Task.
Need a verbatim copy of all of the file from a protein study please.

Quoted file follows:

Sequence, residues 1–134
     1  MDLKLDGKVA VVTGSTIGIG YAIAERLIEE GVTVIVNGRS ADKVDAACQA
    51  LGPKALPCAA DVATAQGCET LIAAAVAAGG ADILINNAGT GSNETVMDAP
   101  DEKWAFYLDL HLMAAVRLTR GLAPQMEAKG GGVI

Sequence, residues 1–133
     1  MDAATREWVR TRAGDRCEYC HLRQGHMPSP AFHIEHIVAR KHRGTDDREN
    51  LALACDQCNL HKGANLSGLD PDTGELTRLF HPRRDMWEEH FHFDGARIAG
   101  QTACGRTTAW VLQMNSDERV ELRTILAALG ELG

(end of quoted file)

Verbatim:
Sequence, residues 1–134
     1  MDLKLDGKVA VVTGSTIGIG YAIAERLIEE GVTVIVNGRS ADKVDAACQA
    51  LGPKALPCAA DVATAQGCET LIAAAVAAGG ADILINNAGT GSNETVMDAP
   101  DEKWAFYLDL HLMAAVRLTR GLAPQMEAKG GGVI

Sequence, residues 1–133
     1  MDAATREWVR TRAGDRCEYC HLRQGHMPSP AFHIEHIVAR KHRGTDDREN
    51  LALACDQCNL HKGANLSGLD PDTGELTRLF HPRRDMWEEH FHFDGARIAG
   101  QTACGRTTAW VLQMNSDERV ELRTILAALG ELG